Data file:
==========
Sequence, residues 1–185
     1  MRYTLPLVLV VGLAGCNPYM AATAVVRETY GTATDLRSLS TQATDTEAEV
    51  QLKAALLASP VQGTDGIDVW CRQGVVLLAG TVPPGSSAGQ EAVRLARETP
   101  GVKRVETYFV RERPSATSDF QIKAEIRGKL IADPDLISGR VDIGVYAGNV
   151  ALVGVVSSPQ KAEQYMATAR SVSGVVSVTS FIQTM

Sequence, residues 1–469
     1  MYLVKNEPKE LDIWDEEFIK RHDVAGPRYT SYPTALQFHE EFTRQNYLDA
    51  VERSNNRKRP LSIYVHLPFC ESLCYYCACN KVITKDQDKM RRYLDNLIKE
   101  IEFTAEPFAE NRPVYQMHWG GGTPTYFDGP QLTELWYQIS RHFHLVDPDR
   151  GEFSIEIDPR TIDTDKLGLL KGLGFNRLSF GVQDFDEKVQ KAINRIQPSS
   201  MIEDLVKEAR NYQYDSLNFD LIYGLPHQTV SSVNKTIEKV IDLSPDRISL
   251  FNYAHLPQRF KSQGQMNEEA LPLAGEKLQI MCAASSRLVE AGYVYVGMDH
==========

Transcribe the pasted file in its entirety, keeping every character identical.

Sequence, residues 1–185
     1  MRYTLPLVLV VGLAGCNPYM AATAVVRETY GTATDLRSLS TQATDTEAEV
    51  QLKAALLASP VQGTDGIDVW CRQGVVLLAG TVPPGSSAGQ EAVRLARETP
   101  GVKRVETYFV RERPSATSDF QIKAEIRGKL IADPDLISGR VDIGVYAGNV
   151  ALVGVVSSPQ KAEQYMATAR SVSGVVSVTS FIQTM

Sequence, residues 1–469
     1  MYLVKNEPKE LDIWDEEFIK RHDVAGPRYT SYPTALQFHE EFTRQNYLDA
    51  VERSNNRKRP LSIYVHLPFC ESLCYYCACN KVITKDQDKM RRYLDNLIKE
   101  IEFTAEPFAE NRPVYQMHWG GGTPTYFDGP QLTELWYQIS RHFHLVDPDR
   151  GEFSIEIDPR TIDTDKLGLL KGLGFNRLSF GVQDFDEKVQ KAINRIQPSS
   201  MIEDLVKEAR NYQYDSLNFD LIYGLPHQTV SSVNKTIEKV IDLSPDRISL
   251  FNYAHLPQRF KSQGQMNEEA LPLAGEKLQI MCAASSRLVE AGYVYVGMDH